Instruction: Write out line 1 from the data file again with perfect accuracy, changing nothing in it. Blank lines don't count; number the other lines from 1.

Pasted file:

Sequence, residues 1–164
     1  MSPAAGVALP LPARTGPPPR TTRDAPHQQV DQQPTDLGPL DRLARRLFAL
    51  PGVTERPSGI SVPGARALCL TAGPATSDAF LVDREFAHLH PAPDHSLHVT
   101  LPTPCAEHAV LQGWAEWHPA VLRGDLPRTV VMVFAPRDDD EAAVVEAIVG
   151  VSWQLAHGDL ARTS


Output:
Sequence, residues 1–164